D0406 Rethinking refuge: Another look at existing IRM paradigms and emerging options for new Bt PIPs

Wednesday, November 19, 2008
Exhibit Hall 3, First Floor (Reno-Sparks Convention Center)
Jeannette C. Martinez , Biopesticides and Pollution Prevention Division, United States Environmental Protection Agency, Office of Pesticide Programs, Washington, DC
Alan Reynolds , Prevention Division (7511P), U.S. Environmental Protection Agency, Washington, DC
Since the first Bt corn and Bt cotton Plant Incorporated Protectants (PIPs) were registered, both agricultural biotechnology and our understanding of Insect Resistance Management (IRM) have evolved. Much more is known about the biology, ecology, and behavior of corn and cotton pests today, and newly-developed (pyramided) Bt PIPs express multiple toxins with different modes of action against major target pests. In light of these developments, EPA is evaluating new refuge options and is revisiting the existing ‘structured refuge’ paradigm, which has been in place for over a decade. Several new strategies have been proposed by PIP registrants, including natural refuge for Bt cotton, reduced refuge for lepidopteran-protected Bt corn, and seed mix refuge for corn rootworm-protected Bt corn. Natural refuge, which involves the use of alternate plant hosts (weeds, wild hosts, and other cultivated crops) to produce susceptible insects, was approved by EPA for Bollgard II® and WideStrike® cotton in 2007 for adoption by growers starting in 2008. The other proposals for Bt corn are currently under consideration by the Agency. Industry must be able to provide convincing scientific evidence that these refuge options will not jeopardize the durability of new as well as existing PIP products and increase the risk of resistance evolution. In particular, EPA will examine the effects of host plants (i.e. Bt and non-Bt) on pest biology, ecology, and behavior, effects of expressed toxins (i.e. dose) on pest survival, potential for cross-resistance, and simulation models to evaluate the evolution of resistance.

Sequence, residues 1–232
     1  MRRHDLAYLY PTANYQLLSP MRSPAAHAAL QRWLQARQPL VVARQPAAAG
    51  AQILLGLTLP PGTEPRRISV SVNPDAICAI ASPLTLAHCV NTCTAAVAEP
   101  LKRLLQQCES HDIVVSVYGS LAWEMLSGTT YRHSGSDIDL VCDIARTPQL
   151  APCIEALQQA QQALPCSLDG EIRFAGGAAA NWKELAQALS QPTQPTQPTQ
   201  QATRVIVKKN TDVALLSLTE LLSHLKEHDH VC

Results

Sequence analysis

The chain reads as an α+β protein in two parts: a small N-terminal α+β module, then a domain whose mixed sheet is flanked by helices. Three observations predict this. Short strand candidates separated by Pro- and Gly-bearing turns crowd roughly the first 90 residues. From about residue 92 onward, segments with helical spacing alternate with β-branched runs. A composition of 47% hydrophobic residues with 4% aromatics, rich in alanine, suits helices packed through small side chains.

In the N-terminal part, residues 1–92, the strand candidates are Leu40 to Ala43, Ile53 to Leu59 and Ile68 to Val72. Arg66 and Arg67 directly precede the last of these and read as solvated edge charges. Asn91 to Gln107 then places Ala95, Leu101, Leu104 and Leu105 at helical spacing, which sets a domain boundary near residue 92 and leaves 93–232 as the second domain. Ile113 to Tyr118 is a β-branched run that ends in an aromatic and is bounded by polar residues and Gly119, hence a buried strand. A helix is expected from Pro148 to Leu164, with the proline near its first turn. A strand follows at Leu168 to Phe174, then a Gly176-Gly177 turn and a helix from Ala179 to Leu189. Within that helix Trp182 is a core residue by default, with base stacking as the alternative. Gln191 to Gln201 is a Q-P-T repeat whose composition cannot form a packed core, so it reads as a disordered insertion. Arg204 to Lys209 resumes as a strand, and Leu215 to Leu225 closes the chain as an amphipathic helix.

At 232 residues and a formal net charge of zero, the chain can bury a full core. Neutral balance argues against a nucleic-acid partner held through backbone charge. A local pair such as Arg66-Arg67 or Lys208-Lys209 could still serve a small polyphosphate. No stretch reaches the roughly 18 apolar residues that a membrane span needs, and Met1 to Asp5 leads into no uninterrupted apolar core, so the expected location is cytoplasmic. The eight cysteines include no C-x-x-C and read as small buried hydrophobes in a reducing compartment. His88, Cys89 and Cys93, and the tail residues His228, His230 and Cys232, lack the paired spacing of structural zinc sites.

doi: 10.1603/ICE.2016.37331